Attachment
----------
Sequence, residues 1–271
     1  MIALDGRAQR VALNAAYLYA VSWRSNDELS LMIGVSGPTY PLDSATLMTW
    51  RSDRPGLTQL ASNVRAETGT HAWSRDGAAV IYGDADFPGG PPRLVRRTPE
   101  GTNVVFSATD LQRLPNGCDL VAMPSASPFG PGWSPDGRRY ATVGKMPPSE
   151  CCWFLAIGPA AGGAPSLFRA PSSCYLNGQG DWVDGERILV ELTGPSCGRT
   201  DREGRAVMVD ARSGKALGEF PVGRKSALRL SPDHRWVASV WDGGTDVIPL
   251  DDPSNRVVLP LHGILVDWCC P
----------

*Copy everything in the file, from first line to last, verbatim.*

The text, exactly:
Sequence, residues 1–271
     1  MIALDGRAQR VALNAAYLYA VSWRSNDELS LMIGVSGPTY PLDSATLMTW
    51  RSDRPGLTQL ASNVRAETGT HAWSRDGAAV IYGDADFPGG PPRLVRRTPE
   101  GTNVVFSATD LQRLPNGCDL VAMPSASPFG PGWSPDGRRY ATVGKMPPSE
   151  CCWFLAIGPA AGGAPSLFRA PSSCYLNGQG DWVDGERILV ELTGPSCGRT
   201  DREGRAVMVD ARSGKALGEF PVGRKSALRL SPDHRWVASV WDGGTDVIPL
   251  DDPSNRVVLP LHGILVDWCC P